The Namring plantations
The Namring plantation in Darjeeling dates back to 1855, where the so-called ‘ Darjeeling Company ‘ was established. This company included a total of four tea plantations. The Namring Plantation is one of Darjeeling’s oldest and largest tea plantations, divided into an upper and a lower section, which identifies as three tea gardens in total: Poomong, Jingiam and Namring, the latter being the highest located and best known.
The Namring Tea Garden reaches up to 1700 metres above sea level and covers an area of more than 475 hectares, roughly an equivalent to 950 football pitches. It is known as one of the tea gardens that produce the best Darjeeling in the world based on a unique mix of three tea bushes (China, Clonal and Assam Hybrid), a particularly suitable land and an almost perfect climate for growing tea. 75 % of the plantation is also self-sufficient when it comes to water.
The Namring plantation is about an hour’s drive from Darjeeling, and the daily operation employs more than two thousand people. The plantation’s appurtenant factory is at an altitude of over 1000 metres above sea level and handles 1200 tons of fresh green leaves every year. These are converted into about 300 tons of tea which is being exported worldwide, A. C. Perch’s Thehandel included.
The Namring Tea Garden is owned together with the other gardens of the Namring plantation of Darjeeling Impex Limited, which has over 30 years of experience in cultivating, tasting, mixing and exporting tea to customers around the world.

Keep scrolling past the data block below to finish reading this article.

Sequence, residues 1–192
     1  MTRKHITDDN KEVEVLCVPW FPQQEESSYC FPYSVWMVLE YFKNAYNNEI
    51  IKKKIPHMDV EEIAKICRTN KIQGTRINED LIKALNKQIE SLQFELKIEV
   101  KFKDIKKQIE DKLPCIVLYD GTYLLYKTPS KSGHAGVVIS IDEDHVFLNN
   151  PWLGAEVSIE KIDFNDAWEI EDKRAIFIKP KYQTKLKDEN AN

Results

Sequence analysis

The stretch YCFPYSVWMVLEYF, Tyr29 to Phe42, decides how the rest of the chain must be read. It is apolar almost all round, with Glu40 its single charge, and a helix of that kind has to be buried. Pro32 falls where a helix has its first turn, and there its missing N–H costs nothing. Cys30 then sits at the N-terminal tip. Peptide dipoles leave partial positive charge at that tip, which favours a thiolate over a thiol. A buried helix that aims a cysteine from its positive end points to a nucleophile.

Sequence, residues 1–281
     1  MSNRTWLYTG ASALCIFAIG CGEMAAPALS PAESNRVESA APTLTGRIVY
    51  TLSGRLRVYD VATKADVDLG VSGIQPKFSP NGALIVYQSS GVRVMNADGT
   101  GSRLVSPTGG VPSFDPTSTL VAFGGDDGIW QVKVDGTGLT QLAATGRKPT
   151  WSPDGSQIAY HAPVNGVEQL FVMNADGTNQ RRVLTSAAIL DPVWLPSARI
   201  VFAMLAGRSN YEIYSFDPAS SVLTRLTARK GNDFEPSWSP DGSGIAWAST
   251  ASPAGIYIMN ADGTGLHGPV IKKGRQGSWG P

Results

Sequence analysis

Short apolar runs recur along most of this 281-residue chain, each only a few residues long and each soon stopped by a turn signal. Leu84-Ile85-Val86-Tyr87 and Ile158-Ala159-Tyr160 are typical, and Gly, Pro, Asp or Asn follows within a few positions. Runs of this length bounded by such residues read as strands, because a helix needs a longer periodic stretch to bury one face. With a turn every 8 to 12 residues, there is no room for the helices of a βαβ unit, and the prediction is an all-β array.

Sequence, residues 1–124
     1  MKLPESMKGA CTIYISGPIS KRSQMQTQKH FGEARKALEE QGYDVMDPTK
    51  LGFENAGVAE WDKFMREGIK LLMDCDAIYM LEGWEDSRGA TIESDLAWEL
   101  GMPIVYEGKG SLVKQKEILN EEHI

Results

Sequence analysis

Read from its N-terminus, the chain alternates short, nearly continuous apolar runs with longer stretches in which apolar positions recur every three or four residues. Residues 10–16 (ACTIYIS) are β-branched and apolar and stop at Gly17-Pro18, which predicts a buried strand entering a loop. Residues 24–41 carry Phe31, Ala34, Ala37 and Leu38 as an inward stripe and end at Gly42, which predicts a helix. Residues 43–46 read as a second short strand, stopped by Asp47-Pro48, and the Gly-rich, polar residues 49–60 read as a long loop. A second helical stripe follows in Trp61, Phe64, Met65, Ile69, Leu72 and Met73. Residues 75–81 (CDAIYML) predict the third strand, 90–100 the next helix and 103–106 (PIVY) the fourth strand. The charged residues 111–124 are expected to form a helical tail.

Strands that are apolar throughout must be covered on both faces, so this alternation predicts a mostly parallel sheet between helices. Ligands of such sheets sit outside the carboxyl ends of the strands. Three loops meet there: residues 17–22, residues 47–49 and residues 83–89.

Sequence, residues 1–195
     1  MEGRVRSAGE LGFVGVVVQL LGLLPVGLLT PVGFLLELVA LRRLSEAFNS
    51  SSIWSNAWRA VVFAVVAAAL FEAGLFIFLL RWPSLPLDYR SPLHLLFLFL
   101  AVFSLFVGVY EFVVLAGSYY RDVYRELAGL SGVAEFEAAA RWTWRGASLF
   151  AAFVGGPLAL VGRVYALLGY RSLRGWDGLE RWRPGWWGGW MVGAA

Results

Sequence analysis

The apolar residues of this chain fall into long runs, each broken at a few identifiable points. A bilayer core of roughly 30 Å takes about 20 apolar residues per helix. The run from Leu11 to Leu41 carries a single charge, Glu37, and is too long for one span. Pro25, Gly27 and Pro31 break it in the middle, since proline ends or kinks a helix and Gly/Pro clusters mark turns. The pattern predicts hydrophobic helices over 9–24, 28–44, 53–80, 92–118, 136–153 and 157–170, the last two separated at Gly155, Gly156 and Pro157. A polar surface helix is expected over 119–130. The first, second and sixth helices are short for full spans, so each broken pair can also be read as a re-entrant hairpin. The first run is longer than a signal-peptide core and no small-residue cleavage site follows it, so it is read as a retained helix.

If you are curious, you can read more about the company here
Teesta Valley Tea Company was established in 1841 and the company has since then produced some of the finest teas in the world, including first class Darjeeling teas, as well as Assam and Dooars teas. It is possible, among other things, because the company cultivates its tea in one of the most famous tea gardens in the area, Teesta Valley.
Teesta Valley is named after a lively mountain river in the area. The tea garden was gradually expanded over a 15-year period beginning in 1841 and at the same time as the nearby tea garden Gielle, which also shares a name with a local mountain river. Carefully selected tea bushes were planted in the years up until 1856.
The Teesta Valley is ideally located for growing tea, since it stretches across the area’s cool, sunny mountain sides from about 760 metres altitude and up to over 1900 metres of altitude. Teesta Valley spreads over mountain sides blessed with cool fog, bright sunshine and Kanchenjunga’s dry winds – conditions that when put together create the ideal circumstances for cultivating a complete Darjeeling.
Thurbo is now a fairly well-known name among Darjeeling enthusiasts. As is the case with many Darjeeling tea gardens, there is a unique story associated with the slightly special name that this plantation carries. The name Thurbo is based on a historical event. The British actually had a camp in the plantation when they were planning to invade Nepal. The mountain sides and peaks of Nepal are visible from the Thurbo plantation, located in the shadow of the mighty Kachenjunga. Small currents mark the boundaries and orange orchid fields add an exotic charm and fine fragrance notes to the tea.
The term for ‘making camp’ was ‘ Tombu ‘ in the local dialect – and the locals found that this was an appropriate name for a plantation that was actually used as a camp. Over the years, the name evolved from ‘ Tombu ‘ to ‘ Thurbo ‘ – the name the plantation has today. Thurbo’s teas has a unique character that is characterized by their delicate scent and fine bright color.